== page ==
It’s worth noting that we applaud the effort. Nothing ventured, nothing lost…but also nothing potentially gained. It’ll be interesting to see how other small batch efforts (like DeFeet’s new custom-printed socks) fare, and how others will continue to iterate on the concept.



  1. Tom on

    not really a surprise. Our team considered using them for our kit, but they couldn’t deliver samples in anything like a timely fashion. Great promise let down by the realities of custom production.

  2. Dave on

    The truth is Rapha was a lot more hype than substance. The company was masters at marketing. Even shops that carried the clothing said the old reason they did so was the consumer was willing to buy it. Not because the quality was all that. I even got suckered. Way back when they started I bought one of the cool retro jerseys at a boutique shop in Philadelphia. After all I read about them I assumed (should never do that) the jersey was make in Europe especially for the price. Only later on did I realize it was made in China. And do not get me wrong made in China is not a deal breaker at all but especially with clothing and high end clothing I figured it would be made in Europe at a Rapha factory with workers making a living wage.

    • K-Pop is dangerous to your health on

      It’s true that Rapha was founded by master marketers, but I never experienced any lack of quality from them. Even dating back to their first winter jacket which I still own and still works great. In my experience using kits by all the major brands the Rapha stuff I’ve owned has always been on par.

    • WhateverBikes on

      From the looks of your comment it seems like you understood this post like Rapha is quitting as a brand. That’s not the case of course, it’s just their custom clothing line that’s discontinued.

    • WorkOnSunday on

      the pro team line is still mostly made in Europe. admittedly some of their recent offering especially at lower price point is…perhaps not so the same standard as their more expensive products. but judging from your comment…i put it done as hater always hates…

    • ezweave on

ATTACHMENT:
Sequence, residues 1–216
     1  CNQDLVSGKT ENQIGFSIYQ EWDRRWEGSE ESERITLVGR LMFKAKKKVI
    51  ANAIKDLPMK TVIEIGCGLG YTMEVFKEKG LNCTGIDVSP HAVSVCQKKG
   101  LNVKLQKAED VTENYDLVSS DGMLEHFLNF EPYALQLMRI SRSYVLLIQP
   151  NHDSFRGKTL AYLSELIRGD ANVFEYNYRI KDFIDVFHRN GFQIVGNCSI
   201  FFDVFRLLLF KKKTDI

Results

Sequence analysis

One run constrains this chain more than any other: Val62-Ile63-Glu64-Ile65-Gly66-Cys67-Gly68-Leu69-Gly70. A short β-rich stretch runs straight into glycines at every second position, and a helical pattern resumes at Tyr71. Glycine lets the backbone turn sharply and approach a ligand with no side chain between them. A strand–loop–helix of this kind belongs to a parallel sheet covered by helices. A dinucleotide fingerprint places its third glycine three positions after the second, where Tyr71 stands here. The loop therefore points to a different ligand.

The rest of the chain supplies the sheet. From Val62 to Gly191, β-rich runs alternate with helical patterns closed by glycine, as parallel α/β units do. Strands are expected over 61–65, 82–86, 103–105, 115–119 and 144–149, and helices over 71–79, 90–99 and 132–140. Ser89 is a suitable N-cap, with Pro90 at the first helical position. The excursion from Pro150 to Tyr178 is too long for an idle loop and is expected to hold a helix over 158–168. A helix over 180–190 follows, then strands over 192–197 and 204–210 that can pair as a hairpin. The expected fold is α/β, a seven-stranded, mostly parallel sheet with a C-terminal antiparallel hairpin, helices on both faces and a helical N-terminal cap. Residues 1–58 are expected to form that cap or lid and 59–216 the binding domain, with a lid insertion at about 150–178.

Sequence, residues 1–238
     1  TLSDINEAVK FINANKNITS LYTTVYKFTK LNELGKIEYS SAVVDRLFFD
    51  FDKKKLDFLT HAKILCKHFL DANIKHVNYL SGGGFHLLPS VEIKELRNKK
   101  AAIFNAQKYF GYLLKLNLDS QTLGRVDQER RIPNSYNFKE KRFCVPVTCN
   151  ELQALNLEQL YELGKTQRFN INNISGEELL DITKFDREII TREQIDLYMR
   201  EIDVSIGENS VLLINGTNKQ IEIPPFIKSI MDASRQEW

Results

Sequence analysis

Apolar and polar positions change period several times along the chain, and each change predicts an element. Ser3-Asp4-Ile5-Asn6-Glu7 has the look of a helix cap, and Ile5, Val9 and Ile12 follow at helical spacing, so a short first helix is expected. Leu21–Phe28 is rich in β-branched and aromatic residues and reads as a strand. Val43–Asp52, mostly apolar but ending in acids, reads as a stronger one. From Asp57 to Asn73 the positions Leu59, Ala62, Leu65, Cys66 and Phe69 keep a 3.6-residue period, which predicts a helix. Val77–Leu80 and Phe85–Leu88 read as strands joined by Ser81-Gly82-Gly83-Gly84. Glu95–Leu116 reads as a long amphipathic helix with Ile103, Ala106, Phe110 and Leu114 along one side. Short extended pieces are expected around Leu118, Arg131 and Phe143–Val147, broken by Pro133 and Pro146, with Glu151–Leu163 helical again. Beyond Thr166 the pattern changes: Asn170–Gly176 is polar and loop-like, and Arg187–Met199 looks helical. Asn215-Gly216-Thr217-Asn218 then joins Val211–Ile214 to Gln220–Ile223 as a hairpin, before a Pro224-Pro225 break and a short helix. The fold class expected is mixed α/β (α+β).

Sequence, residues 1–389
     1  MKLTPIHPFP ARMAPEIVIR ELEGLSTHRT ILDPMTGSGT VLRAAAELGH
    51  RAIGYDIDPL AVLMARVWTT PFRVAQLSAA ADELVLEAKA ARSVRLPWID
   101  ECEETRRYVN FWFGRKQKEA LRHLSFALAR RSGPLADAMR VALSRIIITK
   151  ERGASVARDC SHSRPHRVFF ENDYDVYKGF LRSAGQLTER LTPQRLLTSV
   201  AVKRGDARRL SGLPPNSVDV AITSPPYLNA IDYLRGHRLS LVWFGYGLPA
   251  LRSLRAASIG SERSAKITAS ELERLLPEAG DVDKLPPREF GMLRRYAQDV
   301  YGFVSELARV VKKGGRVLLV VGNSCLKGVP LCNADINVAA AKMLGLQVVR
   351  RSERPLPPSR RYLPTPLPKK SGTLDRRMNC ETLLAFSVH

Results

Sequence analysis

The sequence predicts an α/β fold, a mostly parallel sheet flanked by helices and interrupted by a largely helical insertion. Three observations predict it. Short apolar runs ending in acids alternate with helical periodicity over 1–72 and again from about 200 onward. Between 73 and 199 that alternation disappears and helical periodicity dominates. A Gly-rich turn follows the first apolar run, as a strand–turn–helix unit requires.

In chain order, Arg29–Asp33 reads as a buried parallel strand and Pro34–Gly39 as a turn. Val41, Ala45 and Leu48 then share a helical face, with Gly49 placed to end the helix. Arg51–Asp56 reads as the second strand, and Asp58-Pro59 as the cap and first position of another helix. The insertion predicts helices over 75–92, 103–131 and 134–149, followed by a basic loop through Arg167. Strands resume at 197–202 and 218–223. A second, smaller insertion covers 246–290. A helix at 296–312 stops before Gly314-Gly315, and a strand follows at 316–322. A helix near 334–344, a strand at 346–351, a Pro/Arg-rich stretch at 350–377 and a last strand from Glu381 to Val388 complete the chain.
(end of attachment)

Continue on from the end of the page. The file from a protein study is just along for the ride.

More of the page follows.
This is a pretty silly comment. Not only was this just about their custom line, but other than team kits, I have ten years of Rapha kit that is still going strong. The only thing I’ve ever really worn out were bibs, save for a few items trashed in wrecks. I had some jerseys photobleach after years, but that happens with every kit I’ve ever owned.

      It’s made all over. Some items are made in Europe, some in China, some in Vietnam.

      When they first showed up ten years or so ago (technically longer than that, but that’s when it was more available), they did a lot to change the game. More minimal styling, clever features (I have one of the early long sleeve sportwool jerseys that had multiple zippered compartments, a sleeve for your pump in a pocket, et cetera), and on and on. I think they’ve stoked the fires of competition and brands like Eliel, Velocio, Ornot, and on and on might not be around if they hadn’t upped the game.

      I don’t even consider it all that pricey, considering the life I’ve gotten out of it. Hell, I keep buying new stuff more to get new colors or styles.

      I also love how these comments shit on Rapha, when Assos has been there all along with far more expensive kit.

      But hey, it’s “teh Internet” [sic] and everyone has an uninformed opinion.

  3. A Fan not an advert on

    Just saying, there are others out there who have cracked the code that Rapha apparently could not…

    Case in point: Vie13 custom apparel – great kit, fully custom, less $$ than Rapha.